But there's no way a family business—or any business for that matter—can avoid conflict, and the key to a laboratory's success is how the conflict is handled. In fact, Jerry Ragle, whose two children recently joined his laboratory, points out that it can be a growth opportunity. "Stress, strain, differences of opinion and misunderstandings are part of life. You have to learn to deal with those situations respectfully and move forward," says Ragle, owner of Ragle Dental Lab, Champaign, Illinois. "As my daughter and son become more and more involved in the business, they are going to face obstacles and conflict and I hope that our discussions help them deal better with what lies ahead."
Starting in June/July 2005, LMT begins its Portraits of the Family Business series, a collection of profiles of family-owned laboratories. Through their stories, we'll glean advice for managing family dynamics, succession strategies and perspectives on what makes a family business tick. See below for this month's portraits.
*Source: The University of Connecticut Family Business Program
Marotta Dental Studio: Three Generations of Dental Technicians
Ragle Dental Lab: Unexpectedly, A Family Business
Marotta Dental Studio: Three Generations of Dental Technicians
The Marotta family wanted to celebrate. In April, they held a grand opening party at their new, state-of-the-art, 12,000-square-foot laboratory in Farmingdale, New York. Nearly 100 people were on hand to see the new facility--and to commemorate the family's 70-year history in the field of dental technology.
That history dates back to 1935, when Leonard "Len" Marotta started working at a machine shop that fabricated radar equipment for the war effort. Len apprenticed in the department that constructed steel frames for dental appliances. After gaining experience in several New York City laboratories, he opened his own partial frame lab in 1950, Artwork Dental Laboratory.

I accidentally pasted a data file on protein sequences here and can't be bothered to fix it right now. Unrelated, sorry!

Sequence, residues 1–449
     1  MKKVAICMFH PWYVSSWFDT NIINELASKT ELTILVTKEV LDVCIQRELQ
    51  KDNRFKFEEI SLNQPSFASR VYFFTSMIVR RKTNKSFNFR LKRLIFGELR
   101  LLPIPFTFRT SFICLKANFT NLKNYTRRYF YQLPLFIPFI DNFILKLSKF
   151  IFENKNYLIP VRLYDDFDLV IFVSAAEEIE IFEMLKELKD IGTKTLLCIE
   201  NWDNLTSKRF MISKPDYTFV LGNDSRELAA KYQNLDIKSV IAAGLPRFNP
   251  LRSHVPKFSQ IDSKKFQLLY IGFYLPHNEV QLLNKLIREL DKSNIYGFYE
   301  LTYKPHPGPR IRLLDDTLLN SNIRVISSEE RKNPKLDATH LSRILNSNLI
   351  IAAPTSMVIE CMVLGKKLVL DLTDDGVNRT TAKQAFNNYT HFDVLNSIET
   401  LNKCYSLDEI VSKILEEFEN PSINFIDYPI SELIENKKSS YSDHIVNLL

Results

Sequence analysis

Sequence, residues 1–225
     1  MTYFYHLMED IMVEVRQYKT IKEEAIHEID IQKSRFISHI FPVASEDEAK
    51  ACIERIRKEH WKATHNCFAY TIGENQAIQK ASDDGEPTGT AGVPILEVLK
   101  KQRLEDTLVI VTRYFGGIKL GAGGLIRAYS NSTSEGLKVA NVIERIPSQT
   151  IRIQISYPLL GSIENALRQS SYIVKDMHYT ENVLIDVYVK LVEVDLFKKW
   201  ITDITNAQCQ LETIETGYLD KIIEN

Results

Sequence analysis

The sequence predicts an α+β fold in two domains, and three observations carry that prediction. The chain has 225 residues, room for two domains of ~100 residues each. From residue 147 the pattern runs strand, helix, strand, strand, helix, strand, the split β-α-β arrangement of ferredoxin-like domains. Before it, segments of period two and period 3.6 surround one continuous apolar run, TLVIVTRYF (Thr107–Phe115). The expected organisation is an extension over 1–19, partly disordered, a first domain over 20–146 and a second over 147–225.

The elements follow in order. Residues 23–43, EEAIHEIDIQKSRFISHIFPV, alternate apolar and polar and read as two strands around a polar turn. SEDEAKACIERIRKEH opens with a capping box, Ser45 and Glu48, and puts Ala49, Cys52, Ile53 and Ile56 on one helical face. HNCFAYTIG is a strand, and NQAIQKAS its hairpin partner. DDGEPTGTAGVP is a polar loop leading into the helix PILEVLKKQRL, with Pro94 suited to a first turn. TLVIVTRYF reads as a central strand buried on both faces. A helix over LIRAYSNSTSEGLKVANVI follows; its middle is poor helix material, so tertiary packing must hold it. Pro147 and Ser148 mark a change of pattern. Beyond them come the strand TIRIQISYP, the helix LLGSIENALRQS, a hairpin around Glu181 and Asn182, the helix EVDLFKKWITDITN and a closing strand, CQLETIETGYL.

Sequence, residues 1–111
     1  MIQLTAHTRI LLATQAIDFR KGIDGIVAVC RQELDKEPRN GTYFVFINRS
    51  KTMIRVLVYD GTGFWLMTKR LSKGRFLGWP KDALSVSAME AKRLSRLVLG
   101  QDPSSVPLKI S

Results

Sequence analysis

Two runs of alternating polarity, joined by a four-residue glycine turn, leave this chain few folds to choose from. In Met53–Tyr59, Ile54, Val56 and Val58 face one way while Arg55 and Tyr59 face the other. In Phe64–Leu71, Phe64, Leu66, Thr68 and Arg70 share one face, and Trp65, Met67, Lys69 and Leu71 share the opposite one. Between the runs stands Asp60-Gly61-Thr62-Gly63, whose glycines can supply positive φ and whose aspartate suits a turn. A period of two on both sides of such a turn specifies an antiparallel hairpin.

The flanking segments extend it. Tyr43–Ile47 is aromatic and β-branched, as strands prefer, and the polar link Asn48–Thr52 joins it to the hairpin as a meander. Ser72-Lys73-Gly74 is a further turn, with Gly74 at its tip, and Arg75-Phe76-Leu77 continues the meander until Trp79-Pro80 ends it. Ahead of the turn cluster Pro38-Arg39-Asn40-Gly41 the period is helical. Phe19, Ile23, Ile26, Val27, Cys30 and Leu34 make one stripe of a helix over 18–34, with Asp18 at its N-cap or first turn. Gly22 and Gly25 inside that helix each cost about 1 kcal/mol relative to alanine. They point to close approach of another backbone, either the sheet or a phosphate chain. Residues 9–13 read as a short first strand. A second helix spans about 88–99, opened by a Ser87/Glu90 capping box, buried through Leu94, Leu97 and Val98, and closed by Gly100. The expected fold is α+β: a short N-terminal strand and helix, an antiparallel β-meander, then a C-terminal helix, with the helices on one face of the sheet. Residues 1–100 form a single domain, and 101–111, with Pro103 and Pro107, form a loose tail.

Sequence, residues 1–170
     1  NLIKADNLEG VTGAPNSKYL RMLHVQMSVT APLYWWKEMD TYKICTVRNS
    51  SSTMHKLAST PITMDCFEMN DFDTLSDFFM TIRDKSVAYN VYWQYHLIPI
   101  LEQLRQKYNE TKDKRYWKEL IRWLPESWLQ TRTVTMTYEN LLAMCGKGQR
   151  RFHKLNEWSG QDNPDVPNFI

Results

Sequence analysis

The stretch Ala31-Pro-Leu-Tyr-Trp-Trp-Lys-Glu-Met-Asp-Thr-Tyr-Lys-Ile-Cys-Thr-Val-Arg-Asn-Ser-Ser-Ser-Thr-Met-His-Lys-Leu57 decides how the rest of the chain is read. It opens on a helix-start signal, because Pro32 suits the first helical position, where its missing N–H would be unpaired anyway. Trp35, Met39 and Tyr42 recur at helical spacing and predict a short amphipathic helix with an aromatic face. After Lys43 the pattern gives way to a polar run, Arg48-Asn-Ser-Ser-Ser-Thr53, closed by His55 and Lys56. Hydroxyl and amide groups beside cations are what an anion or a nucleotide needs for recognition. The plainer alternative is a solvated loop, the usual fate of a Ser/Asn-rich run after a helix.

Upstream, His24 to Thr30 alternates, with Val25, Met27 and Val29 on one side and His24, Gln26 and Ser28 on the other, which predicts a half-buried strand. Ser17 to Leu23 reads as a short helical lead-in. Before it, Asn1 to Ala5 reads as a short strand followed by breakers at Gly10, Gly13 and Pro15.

There, he eventually began training his son, Leonard "Lenny" Marotta Jr., whose passion for this field was evident early on. After graduating from dental technology school, he fabricated Vitallium® castings for his father but, a year later, decided to branch out to learn all phases of laboratory work. He gained experience in various laboratories and dental offices, did graduate studies in gnathology and implants, earned his CDT in four specialties, and finally opened his own laboratory—now Marotta Dental Studio—in 1980 with his wife, Christine. Lenny then hired Christine's brother, Steven Pigliacelli, who helped him build the laboratory into the 40-person operation it is today. He is a full partner and vice president of the corporation.
And now, the third generation: Lenny's son, Josh—who was training to be a civil engineer and oversaw the building of the new lab—has opted to make dental technology his career. "I've always thought the laboratory was a cool environment and enjoyed doing some of the work, but I never planned on being a technician," says Josh, who currently invests, casts and solders C&B work and handles quality control. "But now I see it as an opportunity to work with my family to help continue the business they created."